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these people tweeting about him, one of the top things on twitter right now. this one says may you now rest in peace. and this one plays well out of the interview. captain michael speicher was a 1991 grad from his high school. from one rebel to another. tweet, facebook messages, as well, and a lot of people weighing in right now with their thoughts about this man and his family 18 years after all of that happened. >> what an ordeal to have to go through. and you went over that missing in action, was he a p.o.w.? thank you. >> all right, josh, thank you. we're not going to be too far from that story. continue to work that breaking story this morning. also want to turn to a plane crash in kenya. four people were on board that plane. all were americans. the pilot was killed, one crew member in a coma now. the passengers were shooting a documentary about poverty in africa.
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it crashed into a three-story residential building in a neighborhood in nairobi. things from the report saying that the plane was flying low. what do we know about why this plane was flying so low? >> well, t.j., thanks, what we know is the plane with four americans on board, two of them documentary film makers, they took from wilson airport, flown from that airport many times. it was in the confines of nairo nairobi. it seems according to other members of the crew they were out shooting for a documentary of poverty in africa. apparently flying very low, according to witnesses and the kenya officials. flying over, it seemed 50 feet off the ground and they hit some power lines and their plane flipped and crashed into a third story of a residential building.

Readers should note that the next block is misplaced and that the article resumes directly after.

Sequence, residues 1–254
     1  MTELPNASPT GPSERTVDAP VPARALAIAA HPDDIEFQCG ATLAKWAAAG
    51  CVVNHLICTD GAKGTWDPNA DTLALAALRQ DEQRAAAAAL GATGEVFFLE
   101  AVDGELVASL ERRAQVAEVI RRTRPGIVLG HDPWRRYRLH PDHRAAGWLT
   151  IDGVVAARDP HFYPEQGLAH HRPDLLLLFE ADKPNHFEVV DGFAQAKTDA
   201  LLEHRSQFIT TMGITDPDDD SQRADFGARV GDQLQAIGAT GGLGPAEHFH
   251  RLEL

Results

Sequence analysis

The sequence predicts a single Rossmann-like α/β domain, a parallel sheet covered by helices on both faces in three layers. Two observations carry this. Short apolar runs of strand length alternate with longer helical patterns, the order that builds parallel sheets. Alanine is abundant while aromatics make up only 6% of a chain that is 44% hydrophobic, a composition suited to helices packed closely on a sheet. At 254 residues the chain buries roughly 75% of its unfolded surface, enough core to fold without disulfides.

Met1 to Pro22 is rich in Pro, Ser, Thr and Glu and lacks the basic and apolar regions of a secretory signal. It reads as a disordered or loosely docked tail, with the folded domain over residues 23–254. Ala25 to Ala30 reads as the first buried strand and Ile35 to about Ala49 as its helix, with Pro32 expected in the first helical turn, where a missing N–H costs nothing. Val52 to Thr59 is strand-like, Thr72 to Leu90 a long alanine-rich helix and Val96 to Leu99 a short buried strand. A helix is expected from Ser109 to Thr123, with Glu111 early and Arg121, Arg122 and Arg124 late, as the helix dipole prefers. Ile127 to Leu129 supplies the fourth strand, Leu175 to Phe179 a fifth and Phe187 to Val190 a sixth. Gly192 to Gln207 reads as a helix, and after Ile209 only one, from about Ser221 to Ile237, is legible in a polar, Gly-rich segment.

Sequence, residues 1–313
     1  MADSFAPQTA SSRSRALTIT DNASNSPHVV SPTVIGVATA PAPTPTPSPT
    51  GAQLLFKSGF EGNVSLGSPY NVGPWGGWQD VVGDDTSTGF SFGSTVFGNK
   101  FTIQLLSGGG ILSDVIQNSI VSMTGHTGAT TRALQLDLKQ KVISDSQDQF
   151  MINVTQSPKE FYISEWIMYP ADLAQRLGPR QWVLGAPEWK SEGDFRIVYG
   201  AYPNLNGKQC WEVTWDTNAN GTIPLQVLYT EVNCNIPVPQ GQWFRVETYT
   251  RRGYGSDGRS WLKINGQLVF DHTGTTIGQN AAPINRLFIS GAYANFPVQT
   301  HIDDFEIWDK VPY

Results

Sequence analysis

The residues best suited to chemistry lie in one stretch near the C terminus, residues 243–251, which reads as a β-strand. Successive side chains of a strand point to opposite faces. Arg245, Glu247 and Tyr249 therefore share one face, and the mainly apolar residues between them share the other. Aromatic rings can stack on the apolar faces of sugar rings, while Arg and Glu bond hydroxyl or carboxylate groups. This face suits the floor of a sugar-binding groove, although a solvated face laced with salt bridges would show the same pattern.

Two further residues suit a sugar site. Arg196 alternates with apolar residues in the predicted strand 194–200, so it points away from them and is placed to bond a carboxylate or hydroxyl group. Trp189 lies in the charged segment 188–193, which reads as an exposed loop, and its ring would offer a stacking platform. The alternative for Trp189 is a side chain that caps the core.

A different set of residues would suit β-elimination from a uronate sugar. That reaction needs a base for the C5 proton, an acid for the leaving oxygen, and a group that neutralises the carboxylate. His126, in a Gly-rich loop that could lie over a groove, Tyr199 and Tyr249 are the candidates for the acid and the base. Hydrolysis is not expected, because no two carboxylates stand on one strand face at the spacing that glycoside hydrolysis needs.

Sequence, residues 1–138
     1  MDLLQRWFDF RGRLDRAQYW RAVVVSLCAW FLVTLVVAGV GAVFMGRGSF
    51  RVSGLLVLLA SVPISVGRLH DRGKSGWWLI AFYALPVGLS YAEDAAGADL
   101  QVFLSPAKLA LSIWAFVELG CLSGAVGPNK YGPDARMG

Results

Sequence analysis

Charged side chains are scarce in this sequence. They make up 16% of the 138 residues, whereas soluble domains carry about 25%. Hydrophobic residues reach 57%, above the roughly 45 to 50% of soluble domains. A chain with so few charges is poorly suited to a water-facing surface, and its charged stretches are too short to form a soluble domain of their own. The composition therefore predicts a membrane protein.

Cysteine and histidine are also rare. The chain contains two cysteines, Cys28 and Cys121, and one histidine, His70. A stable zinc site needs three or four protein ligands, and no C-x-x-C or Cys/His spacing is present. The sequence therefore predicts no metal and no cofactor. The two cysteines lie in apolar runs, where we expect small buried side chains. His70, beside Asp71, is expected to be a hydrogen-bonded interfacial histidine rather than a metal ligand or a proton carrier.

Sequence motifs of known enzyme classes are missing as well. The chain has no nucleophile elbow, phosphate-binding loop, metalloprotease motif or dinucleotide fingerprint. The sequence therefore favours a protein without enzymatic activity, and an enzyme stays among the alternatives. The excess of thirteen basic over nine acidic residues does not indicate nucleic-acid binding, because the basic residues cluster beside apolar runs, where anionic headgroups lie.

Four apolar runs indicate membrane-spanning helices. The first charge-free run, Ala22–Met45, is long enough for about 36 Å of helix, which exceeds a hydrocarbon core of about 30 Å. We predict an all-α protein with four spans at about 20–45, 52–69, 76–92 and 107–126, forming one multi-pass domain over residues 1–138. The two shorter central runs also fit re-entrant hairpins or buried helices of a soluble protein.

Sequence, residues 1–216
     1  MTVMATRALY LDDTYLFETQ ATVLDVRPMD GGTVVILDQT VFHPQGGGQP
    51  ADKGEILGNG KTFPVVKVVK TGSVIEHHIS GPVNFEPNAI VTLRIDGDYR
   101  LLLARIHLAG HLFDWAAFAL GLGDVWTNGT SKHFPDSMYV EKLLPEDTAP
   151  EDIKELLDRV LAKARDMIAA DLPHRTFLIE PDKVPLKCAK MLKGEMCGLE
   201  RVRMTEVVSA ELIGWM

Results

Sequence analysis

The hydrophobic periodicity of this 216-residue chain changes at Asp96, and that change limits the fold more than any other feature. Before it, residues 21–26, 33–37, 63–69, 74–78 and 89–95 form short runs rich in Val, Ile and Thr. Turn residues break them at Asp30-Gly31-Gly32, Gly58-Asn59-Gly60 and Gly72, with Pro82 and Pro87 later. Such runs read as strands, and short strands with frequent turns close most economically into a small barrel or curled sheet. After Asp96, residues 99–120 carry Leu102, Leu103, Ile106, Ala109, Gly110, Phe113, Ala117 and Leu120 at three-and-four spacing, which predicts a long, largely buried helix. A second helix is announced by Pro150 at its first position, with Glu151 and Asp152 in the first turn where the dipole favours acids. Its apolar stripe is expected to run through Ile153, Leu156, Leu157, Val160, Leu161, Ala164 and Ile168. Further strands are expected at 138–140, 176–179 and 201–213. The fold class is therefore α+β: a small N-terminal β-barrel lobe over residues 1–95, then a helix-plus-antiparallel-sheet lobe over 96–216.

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luckily no one on the ground was hurt seriously. but two of them managed to get out with only minor injuries, and one as you say is in a coma, and unfortunately the pilot died in that crash when the plane exploded quite soon after impact. t.j.? >> david mckenzie on the line with us. and extraordinary pictures from someone on the ground, as well. david, we appreciate you. still to come, we're staying on top of this story we have been following for you. captain scott speicher, shot down in his f-18 during the first gulf war, the u.s. military has positively i.d.ed his remains discovered. we'll continue on that story. as well as a horrific story out of alberta, canada, a concert stage completely collapsing, 15 injuries, one death, more on those stories on the other side of the break.
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. if you are joining us, the breaking story this morning is that the first american lost in the first gulf war remains have been found and identified. there he is, you recognize the face by now, you've seen it a lot over the past 18 years that, is captain michael scott speicher. he remains have been identified after he went down in january 1991 in the first gulf war, shot down the first night of that war, actually, and over the past 18 years, there were a change in his status from killed in action to missing in action, to missing
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captured even, but now the mystery has been solved. captain scott speicher remains positively identified after all of these years. more details about that to come. but a breaking story this morning. turning your attention to a developing story in iran. iran saying it has arrested three american hikers after they illegally crossed into the country from iraq. that is according to the state-run media there. one of the americans, believed to be captured is joshua fatale from pennsylvania, and his mother spoke with cnn radio. >> we are eager for the best welfare and conditions for our son josh and the other two companions he's with. and that is our only concern. his welfare and the best conditions for him. >> the u.s. state department says it's working to confirm those reports. and if, in fact, they're true,